Scandalously Happy

Front FieldI am scandalously happy.

The sun is setting in a pink sky, the May breeze is turning slightly cool, and I’m sitting on my front steps gazing at the abandoned field just beyond my front lawn and reveling in this surprising truth that unveiled itself moments ago.

Why ‘scandalously’, you ask? Well, because it’s kind of a scandal to be happy in this day and age, isn’t it? What with all the crises surrounding us: wars, bombings, famines, rising seas? What with all the pressures on each of us to do and be something great or at least noteworthy and the perpetual realization that not everyone can come out on top of the heap? What with everything there is to worry about, in our lives and our children’s lives? What with that startling discovery of adulthood immortalized by the Rolling Stones, that “you can’t always get what you want”? Life is full of disappointments and trials and mini-disasters and some big ones. And, honestly, it’s not very cool to be happy. Not very trendy. Not very artistic.

But tonight, at least, I can’t help myself. I’ve been through my share of trauma in the past few years. My share of disappointment. And despair. And fear. Maybe that’s another reason this feeling rising in my chest feels scandalous. How can I be happy after all of that? How can I be here, tonight, joyfully keeping watch over the sunset as my husband, after a long day’s work, dozes on the couch? How did I get back to this place where ecstasy is as close as my front stoop?

I don’t know, honestly. All I know is, I’m grateful. Scandal be damned.

20 responses to “Scandalously Happy”

  1. It’s funny how all the negative energy around us tries to zap our feeling of contentedness. And yet, in the end, we find a way to prevail. Perhaps its reveling in the simple pleasures instead of chasing after the grand ones that we find that sense of inner peace and happiness. Whatever it is, as you say, I am also grateful whenever I am graced by its presence 😉

    • It’s so easy to want to be somewhere else, doing something else. I love those moments when I can just sit back and say, “THIS is what I’ve been looking for.”

  2. This helped me today, Sharon, thank you. Lost a friend and our dog in the last week, and learned that my son’s bone-on-bone shoulder is not a candidate for surgery. So he stays on morphine and Valium 3x a day.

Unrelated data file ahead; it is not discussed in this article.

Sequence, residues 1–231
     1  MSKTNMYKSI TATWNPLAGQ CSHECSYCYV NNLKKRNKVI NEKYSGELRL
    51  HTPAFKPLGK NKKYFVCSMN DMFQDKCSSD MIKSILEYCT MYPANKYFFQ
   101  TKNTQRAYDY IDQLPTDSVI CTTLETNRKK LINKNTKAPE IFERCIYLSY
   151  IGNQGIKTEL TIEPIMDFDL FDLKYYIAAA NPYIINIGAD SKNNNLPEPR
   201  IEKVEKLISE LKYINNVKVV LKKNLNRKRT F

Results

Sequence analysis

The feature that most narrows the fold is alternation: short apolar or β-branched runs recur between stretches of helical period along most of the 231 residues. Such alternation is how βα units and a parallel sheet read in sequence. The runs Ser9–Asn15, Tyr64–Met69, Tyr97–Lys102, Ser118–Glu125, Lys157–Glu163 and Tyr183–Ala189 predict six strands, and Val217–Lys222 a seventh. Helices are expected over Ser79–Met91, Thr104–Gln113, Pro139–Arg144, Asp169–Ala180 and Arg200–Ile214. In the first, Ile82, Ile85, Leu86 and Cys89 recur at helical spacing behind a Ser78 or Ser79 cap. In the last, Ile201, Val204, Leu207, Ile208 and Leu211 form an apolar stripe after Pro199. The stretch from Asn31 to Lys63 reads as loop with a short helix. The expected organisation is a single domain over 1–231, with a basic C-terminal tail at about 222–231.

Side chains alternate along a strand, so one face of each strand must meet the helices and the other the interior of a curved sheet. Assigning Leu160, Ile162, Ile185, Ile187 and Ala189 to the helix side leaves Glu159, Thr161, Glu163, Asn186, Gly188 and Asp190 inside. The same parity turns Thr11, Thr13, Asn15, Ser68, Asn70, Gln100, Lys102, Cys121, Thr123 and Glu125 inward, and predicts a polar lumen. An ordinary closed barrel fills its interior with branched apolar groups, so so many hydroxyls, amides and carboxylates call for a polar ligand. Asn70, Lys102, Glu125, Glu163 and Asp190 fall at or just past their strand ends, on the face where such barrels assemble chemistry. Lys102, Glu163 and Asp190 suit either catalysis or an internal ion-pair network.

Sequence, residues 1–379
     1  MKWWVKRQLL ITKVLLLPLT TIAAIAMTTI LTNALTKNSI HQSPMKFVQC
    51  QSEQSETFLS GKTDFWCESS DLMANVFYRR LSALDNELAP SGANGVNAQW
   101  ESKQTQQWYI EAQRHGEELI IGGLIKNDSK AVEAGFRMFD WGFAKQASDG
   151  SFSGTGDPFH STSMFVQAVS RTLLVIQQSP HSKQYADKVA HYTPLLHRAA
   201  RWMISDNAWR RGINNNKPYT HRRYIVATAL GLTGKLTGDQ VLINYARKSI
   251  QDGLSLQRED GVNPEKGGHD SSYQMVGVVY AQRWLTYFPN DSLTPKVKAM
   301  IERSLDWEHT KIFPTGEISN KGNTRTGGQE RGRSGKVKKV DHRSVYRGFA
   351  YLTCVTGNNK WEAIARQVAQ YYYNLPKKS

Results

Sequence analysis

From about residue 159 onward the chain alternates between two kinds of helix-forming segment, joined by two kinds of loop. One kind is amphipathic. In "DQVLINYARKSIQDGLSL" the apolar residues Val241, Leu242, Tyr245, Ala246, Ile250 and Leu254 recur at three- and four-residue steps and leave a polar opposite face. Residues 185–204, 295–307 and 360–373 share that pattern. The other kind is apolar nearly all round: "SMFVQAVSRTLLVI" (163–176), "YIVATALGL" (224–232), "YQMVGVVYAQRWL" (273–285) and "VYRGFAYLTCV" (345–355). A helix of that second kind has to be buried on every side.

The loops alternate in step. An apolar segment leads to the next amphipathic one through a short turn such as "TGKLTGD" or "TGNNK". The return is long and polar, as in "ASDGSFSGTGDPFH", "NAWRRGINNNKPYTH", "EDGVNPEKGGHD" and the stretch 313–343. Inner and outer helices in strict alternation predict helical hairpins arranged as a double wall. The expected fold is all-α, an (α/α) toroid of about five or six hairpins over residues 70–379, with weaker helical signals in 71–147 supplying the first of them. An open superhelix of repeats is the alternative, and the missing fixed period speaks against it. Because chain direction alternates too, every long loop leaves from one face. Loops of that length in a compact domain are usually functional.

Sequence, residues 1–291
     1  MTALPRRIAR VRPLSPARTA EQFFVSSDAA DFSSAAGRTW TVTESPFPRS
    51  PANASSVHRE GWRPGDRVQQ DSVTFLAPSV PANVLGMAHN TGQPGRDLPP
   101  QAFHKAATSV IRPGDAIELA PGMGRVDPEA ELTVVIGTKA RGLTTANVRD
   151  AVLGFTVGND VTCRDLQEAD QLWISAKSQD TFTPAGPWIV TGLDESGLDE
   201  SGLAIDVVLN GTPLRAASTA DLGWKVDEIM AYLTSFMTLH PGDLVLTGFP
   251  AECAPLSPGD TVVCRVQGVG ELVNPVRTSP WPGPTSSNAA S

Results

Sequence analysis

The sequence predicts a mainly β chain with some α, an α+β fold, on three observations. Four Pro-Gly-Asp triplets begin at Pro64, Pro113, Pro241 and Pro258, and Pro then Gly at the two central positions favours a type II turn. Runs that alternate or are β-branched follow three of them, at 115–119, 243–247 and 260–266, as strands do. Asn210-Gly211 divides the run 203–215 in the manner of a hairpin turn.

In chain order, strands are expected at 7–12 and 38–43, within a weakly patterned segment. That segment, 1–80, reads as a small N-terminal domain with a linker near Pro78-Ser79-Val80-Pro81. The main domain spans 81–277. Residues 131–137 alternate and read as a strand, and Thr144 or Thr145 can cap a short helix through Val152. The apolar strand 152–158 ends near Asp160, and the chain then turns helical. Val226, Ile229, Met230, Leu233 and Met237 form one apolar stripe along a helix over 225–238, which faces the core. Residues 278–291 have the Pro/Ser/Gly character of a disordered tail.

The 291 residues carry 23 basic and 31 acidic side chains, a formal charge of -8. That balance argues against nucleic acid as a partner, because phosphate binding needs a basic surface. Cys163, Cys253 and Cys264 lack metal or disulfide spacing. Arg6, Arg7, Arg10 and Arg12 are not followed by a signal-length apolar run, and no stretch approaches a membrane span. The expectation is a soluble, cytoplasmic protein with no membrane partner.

You are right. Joy is right here!

    • Oh, I am so glad it helped you. I know sometimes I’m afraid of expressing my joy because others around me might be hurting and it might make them feel worse. It does sometimes have that effect, but not always, I don’t think. At least this time it doesn’t seem to have done so with you. And I’m glad. It sounds like you’re going through a very difficult period, and you deserve every bit of joy you can find in it. I hope, too, that a solution will be found for your son’s pain.

  3. Oh please, PLEASE don’t fret about it, Sharon ! Just let it soak in, and you’ll be able to know in your heart that you WILL recapture it. Dunno when, but just accepting means it will come back to you … And besides, expressing joy unfocussed is a truly wonderful thing; I believe it cannot but help someone …

  4. A well written reflection on the scandal of happiness.

    I believe happiness is not so much something we should pursue as it is something given to us “from above,” something for which to be thankful. As we cultivate gratitude for the life we’ve received, more happiness ensues.

    And yes, it is scandalous!

    • I don’t know that there’s anything wrong with pursuing happiness, as long as we’re pursuing it for everyone and not just ourselves. But it does seem that, when it arrives, it is much more a gift than an achievement.

  5. What a thought provoking post and intriguing bit of writing, both captured in your sentence: “How did I get back to this place where ecstasy is as close as my front stoop?” My beloved Aunt Beulah modeled joy in the moment for me her entire life. I chose to ignore her example far too often, but the older I get the more I utilize her wisdom. I’m glad you found me and led me to your blog.

  6. I love this post! I’m reading “Awakening Joy,” but I’m finding that I don’t really need the book that much. I have a lot of joy as well…despite trauma, setbacks, etc. A friend of mine took the course, so I am looking at the materials from it and thinking there needs to be a course like this for creative types and for people who have already awoken their joy and want to spread it.

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